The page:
Concussion Checklist For Coaches

| By Dr. Jennifer Hunnicutt

A Checklist for Coaches Whose Athlete Has Sustained a Sport-Related Concussion

No matter the type of sport or activity you are coaching, concussions are going to happen. And you need to be prepared.

As a coach, you will most likely be the first to respond to an injured athlete. Therefore, it will be your responsibility to take the appropriate steps to ensure their safety.

To help coaches prepare and know what to do when a concussion occurs, we at HEADCHECK Health have created a checklist. This checklist aligns with the CDC guidelines and Canada’s Parachute guidelines to ensure that coaches are taking the appropriate steps to mitigate risk and aid in the safe return-to-play of their athletes. (1,2)

Click Here To Download A PDF Version

Concussion Checklist For Parents and Athletes

Checklist for Coaches of an Athlete with a Suspected Sport-Related Concussion

  • Immediately remove the athlete from play.
    • The following are signs that coaches can look for on and off the field when they suspect an athlete may have sustained a head injury:
      • On the Field
        • Confusion
        • Clumsy movement
        • Lethargy
        • Forgetfulness of the game, play, position, etc.
        • Loss of consciousness
        • Abnormal behavior or aggression
      • Off the Field
        • Mood or behavior changes
        • Loss of memory
      • Athletes may report one or more of the following symptoms:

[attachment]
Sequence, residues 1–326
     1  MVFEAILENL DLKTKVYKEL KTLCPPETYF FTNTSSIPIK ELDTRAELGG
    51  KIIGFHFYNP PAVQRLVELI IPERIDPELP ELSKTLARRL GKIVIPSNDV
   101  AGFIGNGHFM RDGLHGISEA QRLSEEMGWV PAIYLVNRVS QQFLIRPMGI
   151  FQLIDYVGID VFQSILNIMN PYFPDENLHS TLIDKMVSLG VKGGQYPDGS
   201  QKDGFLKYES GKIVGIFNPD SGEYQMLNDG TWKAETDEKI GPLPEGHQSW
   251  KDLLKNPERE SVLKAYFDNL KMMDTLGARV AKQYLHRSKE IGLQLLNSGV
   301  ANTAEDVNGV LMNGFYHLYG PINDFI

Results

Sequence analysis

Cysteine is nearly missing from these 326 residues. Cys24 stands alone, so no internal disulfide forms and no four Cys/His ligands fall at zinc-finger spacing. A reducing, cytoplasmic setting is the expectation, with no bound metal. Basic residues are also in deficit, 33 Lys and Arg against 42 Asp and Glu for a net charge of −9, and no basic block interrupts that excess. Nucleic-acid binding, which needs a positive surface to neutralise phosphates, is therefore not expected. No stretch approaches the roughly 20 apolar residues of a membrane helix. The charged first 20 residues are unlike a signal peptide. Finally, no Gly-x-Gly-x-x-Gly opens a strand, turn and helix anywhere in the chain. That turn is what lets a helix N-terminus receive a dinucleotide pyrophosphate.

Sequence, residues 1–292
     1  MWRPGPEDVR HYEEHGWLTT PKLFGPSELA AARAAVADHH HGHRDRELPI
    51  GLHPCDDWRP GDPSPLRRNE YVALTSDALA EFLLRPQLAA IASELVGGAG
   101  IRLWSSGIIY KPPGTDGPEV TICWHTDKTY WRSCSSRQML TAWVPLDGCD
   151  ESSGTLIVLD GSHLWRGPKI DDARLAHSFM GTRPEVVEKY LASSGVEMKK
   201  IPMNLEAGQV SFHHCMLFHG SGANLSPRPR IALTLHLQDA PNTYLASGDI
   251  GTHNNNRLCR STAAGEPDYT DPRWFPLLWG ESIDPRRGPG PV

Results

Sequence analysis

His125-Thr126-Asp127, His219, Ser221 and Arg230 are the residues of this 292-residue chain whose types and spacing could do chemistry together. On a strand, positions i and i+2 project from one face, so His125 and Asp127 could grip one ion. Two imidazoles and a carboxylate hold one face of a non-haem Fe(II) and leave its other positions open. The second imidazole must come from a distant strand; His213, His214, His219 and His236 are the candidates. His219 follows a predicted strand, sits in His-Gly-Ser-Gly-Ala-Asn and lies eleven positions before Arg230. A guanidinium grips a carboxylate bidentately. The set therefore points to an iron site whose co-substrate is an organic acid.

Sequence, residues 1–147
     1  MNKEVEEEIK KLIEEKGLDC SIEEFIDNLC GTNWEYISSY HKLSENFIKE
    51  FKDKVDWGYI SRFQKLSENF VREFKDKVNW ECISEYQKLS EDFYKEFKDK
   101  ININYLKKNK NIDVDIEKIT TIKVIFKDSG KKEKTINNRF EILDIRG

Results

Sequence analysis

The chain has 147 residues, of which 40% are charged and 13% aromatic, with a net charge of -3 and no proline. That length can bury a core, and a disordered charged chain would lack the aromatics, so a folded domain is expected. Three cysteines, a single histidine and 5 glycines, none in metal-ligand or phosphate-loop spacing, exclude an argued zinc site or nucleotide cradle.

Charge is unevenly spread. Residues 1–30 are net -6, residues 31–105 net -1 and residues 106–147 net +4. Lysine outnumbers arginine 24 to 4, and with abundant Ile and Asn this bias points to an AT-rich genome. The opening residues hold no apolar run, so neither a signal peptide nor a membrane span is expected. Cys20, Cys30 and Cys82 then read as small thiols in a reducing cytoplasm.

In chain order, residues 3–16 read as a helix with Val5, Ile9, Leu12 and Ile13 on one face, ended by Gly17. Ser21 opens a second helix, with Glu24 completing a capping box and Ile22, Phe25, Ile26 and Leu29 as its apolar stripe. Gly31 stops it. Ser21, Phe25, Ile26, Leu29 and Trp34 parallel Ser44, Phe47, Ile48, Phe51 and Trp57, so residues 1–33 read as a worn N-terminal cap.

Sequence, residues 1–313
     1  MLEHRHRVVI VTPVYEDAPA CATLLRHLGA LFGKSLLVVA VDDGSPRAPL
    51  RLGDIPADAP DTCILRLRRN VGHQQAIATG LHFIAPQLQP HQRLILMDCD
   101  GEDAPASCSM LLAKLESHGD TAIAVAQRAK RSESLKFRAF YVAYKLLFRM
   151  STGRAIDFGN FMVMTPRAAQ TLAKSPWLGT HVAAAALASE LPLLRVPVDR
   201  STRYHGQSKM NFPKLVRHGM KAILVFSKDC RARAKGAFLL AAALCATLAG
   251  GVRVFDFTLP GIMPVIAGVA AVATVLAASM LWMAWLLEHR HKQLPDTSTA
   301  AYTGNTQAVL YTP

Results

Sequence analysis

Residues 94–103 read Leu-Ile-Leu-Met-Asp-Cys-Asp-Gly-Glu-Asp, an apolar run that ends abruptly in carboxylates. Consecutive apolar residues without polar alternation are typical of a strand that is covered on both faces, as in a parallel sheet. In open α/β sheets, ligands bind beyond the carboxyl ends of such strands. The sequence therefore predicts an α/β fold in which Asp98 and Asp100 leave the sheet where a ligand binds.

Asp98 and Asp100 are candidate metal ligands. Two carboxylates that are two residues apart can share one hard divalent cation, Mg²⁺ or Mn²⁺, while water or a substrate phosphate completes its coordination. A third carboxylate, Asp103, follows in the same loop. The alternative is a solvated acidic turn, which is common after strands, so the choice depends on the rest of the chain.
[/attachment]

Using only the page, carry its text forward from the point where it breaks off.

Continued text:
• Headache
        • Nausea
        • Dizziness
        • Sensitivity to light or noise
        • Feeling off, foggy, or “not right”
      • The CDC recommends: “When in doubt, sit them out.” (3) In other words, if you suspect your athlete has suffered a concussion, err on the side of caution and remove them from play.
      • Do not return the athlete to play until they have been provided clearance by a qualified healthcare professional who is specialized in concussion management.
    • Keep the athlete out of play.
      • Do not try to evaluate the concussion yourself. Each athlete will present differently and should only be evaluated by a qualified healthcare professional.
    • Refer the athlete to a qualified healthcare professional as soon as possible.
      • If an athletic trainer is available onsite, have them evaluate the athlete as soon as possible.
      • If an athletic trainer is not available, call the athlete’s parent/guardian and recommend that their child be seen by a healthcare professional that specializes in concussion management (i.e., sports medicine physician).
      • Provide the following information to the parent/guardian:
        • How the injury happened
        • Symptoms that the athlete is/was experiencing
        • Physical signs, such as abnormal behavior, balance, or coordination issues
        • Any loss of consciousness or memory problems
      • Record details of the incident.
        • What happened and what was done related to this head injury?
      • Seek emergent care from first responders, when applicable.
        • The following signs and symptoms may indicate bleeding on the brain or more serious injury. Seek emergent care if one or more of the following are present:
          • Slurred speech, weakness, numbness, or decreased coordination
          • Excessive vomiting or nausea
          • Drowsiness or inability to wake up
          • Convulsions or seizures
          • Unusual and growing behavior, confusion, restlessness, or agitation
          • Loss of consciousness (knocked out)
          • Neck pain
        • Support the athlete during their
          • Concussion recovery takes time and patience. Remember that returning athletes to sport too soon can severely delay their recovery and increase the chances of sustaining another concussion.
          • Support the athlete by following guidance from their athletic trainer, healthcare providers, and parents/guardians.